From an early age, I have been both captivated and unnerved by the complexity and scope of our natural world. This fascination has shaped my artistic practice, which centers around the perception of time, space, and scale, and our ability to abstractly place ourselves within the larger universe around us.
I am drawn to how our relatively short life spans affect the way we perceive time, and how the context of the present shapes how we interpret the past and predict the future. Environmentalism, ecology, and the natural sciences are a constant in my work, and fields such as geology, taxonomy, paleontology, and evolutionary biology are commonly employed as catalysts in my practice. My artwork (Figures 1-5) weaves between science-fact and science-fiction, alluding to the more elusive qualities of our environment, and our own uncertain future on this planet. In Figures 3,5, I created landscapes and paleolithic structures out of petroleum-based materials such as reclaimed asphalt and color-shifting automotive paint.
My installations explore labor, impermanence, and fragility. Site‐responsiveness and architectural-integration are vital to my practice, appropriating the pre-existing structure of the site as part of the artwork. I strategically focus on the physical boundaries of my artwork, challenging the lines between where the art ends and the exhibition space begins. The act of building is central to both the final work and my creative process, and much of my artistic practice is dedicated to methodical material manipulation. In Figure 1, I created a geological formation that appears to have physically erupted out of the exhibition space. This false floor was built over the existing gallery floor, which the viewer may walk directly onto. The physical integration into the exhibition space heightens both the geological qualities of the artwork as well as the viewers’ acute spatial awareness within the installation.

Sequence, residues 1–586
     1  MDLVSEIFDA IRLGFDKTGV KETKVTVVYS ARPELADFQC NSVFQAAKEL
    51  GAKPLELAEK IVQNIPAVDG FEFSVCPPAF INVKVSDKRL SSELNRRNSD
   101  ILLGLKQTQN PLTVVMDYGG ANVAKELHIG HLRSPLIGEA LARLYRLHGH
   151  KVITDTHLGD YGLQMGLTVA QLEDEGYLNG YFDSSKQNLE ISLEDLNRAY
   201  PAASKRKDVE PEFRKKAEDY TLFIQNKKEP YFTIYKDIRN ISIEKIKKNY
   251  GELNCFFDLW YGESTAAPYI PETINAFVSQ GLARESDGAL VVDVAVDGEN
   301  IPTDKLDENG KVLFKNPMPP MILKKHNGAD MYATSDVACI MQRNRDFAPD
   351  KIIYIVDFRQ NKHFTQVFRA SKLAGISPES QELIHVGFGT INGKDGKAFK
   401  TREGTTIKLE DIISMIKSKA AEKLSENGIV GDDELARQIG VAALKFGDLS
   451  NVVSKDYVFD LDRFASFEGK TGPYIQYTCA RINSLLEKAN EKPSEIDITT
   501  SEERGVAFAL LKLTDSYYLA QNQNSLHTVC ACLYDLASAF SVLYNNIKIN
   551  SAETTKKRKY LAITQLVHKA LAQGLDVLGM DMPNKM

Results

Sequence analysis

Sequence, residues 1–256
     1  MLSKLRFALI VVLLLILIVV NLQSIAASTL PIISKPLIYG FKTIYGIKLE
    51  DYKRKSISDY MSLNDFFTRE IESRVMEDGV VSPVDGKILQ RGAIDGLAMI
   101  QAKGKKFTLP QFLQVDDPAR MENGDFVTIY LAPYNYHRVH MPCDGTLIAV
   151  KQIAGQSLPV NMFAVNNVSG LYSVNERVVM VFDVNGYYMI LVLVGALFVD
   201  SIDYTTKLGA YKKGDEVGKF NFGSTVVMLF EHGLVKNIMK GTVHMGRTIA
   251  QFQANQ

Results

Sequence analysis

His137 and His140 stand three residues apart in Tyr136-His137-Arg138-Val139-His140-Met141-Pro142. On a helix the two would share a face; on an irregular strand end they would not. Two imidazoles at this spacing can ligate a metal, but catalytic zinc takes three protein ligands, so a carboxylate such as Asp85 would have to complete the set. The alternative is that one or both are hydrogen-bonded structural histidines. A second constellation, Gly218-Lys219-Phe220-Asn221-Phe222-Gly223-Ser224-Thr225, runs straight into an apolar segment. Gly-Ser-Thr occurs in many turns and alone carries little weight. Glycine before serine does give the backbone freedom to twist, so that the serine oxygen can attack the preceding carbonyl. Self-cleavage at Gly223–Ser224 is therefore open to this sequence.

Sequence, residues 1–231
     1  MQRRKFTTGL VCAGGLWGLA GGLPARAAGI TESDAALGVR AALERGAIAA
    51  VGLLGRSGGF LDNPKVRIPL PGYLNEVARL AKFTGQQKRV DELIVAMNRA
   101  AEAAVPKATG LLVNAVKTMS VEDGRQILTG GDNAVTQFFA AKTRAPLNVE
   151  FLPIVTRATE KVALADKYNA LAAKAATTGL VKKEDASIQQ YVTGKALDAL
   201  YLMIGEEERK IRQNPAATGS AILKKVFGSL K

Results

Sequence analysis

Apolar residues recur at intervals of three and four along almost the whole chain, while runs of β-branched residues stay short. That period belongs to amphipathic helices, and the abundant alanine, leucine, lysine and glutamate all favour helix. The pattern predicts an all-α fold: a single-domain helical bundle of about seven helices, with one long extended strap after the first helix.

Although my artwork requires a large physical presence in its construction, conceptually, the works hinge on fragility and impermanence. The life cycles of my individual works have become crucial to my practice. The art exists for the duration of its exhibition, and then it does not. This is particularly evident in Figures 2,4. Figure 2 is a memorial to the recently extinct Baiji river dolphin. This work is created from personally gathered freshwater driftwood, which was then bleached and hand-carved into 12 distinct Baiji skeletons of varying completeness. The installation depicts these skeletons emerging out into the air from a pile of driftwood in one corner of the gallery, soaring through the exhibition space, and then dissolving into a glowing dome at the opposite end of the gallery. Figure 4 is created largely from evaporated salt and depicts a crystalline structure that appeared to be both fixed and sweeping. All figures referenced were created specifically for the spaces they were exhibited in. After the run of each exhibition, the artworks were meticulously disassembled, and their materials were recycled back into my studio practice. There is an unsettling bite to that impermanence, but also intense weight and beauty.
About the artist
Jonathan Latiano (born 1982) received his BA in Studio Art from Moravian College in Bethlehem, Pennsylvania and his MFA from the Mount Royal School of Interdisciplinary Art at the Maryland Institute College of Art. Jonathan’s artistic practice is rooted in the study of time, the natural sciences, and the viewer’s own spatial awareness within the immersive installations he creates. His artwork has been exhibited in numerous solo and group public art exhibitions in cities including New York, Philadelphia, Baltimore, Washington DC, and London, and his work has been featured in local, national, and international art publications. Jonathan was the recipient of the 2013 Mary Sawyers Baker Prize in Art, Moravian College’s Outstanding Young Alumni Award, and the Bunting Teaching Fellowship in Fine Arts at the Maryland Institute College of Art. Jonathan resides and works in Boston, Massachusetts and serves as the Director of the Visual Arts Program at Merrimack College.
Jonathan Latiano’s full portfolio can be found at www.jonathanlatiano.com.
Conflicts of Interest: The author has completed the ICMJE uniform disclosure form (available at http://dx.doi.org/10.21037/cdt.2020.01.05). The author has no conflicts of interest to declare.
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